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Google dodges FTC's antitrust bullet

Search giant receives slapped wrist from US regulator following antitrust investigation.

Internet giant Google has not manipulated its web search results to hurt its rivals, a Federal Trade Commission (FTC) investigation has concluded.

The US regulator ended its investigation into the firm yesterday, and in the process won assurances from Google that it would end the practice of "scraping" reviews and other data from rivals' websites for its own products.

Google also agreed not to request sales bans when suing companies which infringe on patents that are essential to ensuring interoperability, also known as standard essential patents, the FTC said.

Microsoft and other Google competitors have pressed the FTC to bring a broad antitrust case against Google similar to the sweeping Justice Department litigation against Microsoft in the 1990s.

People would like us to bring a big search bias case, but the facts aren't there.

Meanwhile smaller internet companies such as Nextag have complained about Google tweaking its web search results to give prominence to its own products, pushing down competitors' rankings and making them more difficult for customers to find.

At a press conference, FTC Chairman Jon Leibowitz anticipated criticism of the agency's decision not to pursue Google further on the so-called subject of search bias.

"Even though people would like us to bring a big search bias case, the facts aren't there," he said.

"The changes Google have agreed to make ensure that consumers continue to reap the benefits of competition in the online marketplace and in the market for innovative wireless devices they enjoy," said Leibowitz.

The commission voted 4 to 1 to settle the patent investigation into Google's injunction requests. It voted 5 to 0 to end the probe of Google's search practices.

"I never saw any real likelihood that the feds were going to insert themselves between one of the most popular brands in the world and the constituency that adores it," said Whit Andrews, an analyst for Gartner.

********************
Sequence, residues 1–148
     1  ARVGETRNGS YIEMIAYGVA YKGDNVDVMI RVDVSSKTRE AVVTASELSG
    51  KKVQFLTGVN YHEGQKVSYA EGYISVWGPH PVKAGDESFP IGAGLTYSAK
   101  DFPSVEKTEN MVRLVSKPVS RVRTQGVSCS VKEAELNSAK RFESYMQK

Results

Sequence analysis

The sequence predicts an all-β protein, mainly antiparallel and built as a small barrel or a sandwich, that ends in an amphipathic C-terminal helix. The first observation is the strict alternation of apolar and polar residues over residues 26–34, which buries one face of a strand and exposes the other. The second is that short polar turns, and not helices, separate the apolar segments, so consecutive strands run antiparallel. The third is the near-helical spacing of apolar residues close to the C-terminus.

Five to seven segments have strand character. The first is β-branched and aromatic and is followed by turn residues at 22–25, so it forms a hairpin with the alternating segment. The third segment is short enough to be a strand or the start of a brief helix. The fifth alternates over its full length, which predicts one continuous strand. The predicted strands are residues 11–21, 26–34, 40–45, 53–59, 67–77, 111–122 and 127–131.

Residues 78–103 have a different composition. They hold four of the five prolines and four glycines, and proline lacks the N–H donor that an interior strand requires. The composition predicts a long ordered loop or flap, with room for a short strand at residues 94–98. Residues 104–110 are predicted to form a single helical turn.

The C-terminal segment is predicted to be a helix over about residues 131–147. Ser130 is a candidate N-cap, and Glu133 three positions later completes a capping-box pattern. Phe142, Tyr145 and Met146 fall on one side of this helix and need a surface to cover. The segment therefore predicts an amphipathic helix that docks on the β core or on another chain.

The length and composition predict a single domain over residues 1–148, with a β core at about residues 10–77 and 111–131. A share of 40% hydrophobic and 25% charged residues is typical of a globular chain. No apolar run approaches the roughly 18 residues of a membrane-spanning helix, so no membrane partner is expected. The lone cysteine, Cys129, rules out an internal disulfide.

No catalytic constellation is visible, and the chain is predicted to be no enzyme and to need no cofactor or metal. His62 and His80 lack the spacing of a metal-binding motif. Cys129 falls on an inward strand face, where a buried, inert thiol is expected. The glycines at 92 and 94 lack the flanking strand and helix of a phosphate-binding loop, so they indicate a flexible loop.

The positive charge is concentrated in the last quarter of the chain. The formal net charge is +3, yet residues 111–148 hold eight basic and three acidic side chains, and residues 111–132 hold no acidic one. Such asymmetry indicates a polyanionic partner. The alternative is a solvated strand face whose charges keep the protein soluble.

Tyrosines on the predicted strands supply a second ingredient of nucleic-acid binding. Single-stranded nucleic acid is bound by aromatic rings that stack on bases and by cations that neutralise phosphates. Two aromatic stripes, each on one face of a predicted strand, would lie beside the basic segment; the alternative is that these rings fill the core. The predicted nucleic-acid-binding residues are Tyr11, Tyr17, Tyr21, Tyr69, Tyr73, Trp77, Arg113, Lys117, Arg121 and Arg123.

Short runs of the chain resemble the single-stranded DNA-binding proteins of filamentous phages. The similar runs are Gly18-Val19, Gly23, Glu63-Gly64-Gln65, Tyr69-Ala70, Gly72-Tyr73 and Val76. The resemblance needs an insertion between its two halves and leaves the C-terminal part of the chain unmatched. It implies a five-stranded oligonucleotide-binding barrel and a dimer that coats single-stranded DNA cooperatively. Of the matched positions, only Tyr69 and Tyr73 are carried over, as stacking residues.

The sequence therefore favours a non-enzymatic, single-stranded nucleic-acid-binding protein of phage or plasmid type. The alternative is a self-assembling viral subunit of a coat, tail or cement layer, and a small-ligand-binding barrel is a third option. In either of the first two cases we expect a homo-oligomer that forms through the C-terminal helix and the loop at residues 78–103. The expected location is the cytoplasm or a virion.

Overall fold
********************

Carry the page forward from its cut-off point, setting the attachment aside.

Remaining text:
Disappointed rivals

Yelp, which operates the social networking/user review website yelp.com, had complained about scraped reviews, and said it was disappointed with the result of the FTC probe.

"The closure of the commission's investigation into search bias by Google without action...represents a missed opportunity to protect innovation in the internet economy," wrote Yelp spokesman Vince Sollitto in an email.

"We look for the regulatory bodies continuing their investigation to have greater success."

Gary Reback, who represents a group of Google's critics including Nextag, said he thought the investigation was inadequate since the FTC failed to respond to his clients' assertions that they had been hurt by Google and asked few questions in its civil subpoenas.

"They talked about how thorough and exhaustive the investigation was but that's really rubbish," said Reback, who is with the law firm Carr & Ferrell LLP and is best known for his work against Microsoft in the 1990s. "I've never seen anything as shallow and incomplete as this was."

Microsoft was embroiled in antitrust probes and litigation from 1990 when the FTC began an investigation until 2011, when the final consent decree finally expired.

Leibowitz defended the commission's investigation into Google, saying the agency had scoured through some 9 million pages of documents and taken sworn testimony from key Google executives. "This was an incredibly thorough and careful investigation by the commission, and the outcome is a strong and enforceable set of agreements," he said.

Google's David Drummond, the company's chief legal officer, said the FTC announcement on Thursday meant "Google's services are good for users and good for competition."

Thomas Rosch, who is leaving the commission this month, suggested the investigation fell short.

"After promising an elephant more than a year ago, the commission instead has brought forth a couple of mice," said Rosch, a Republican.

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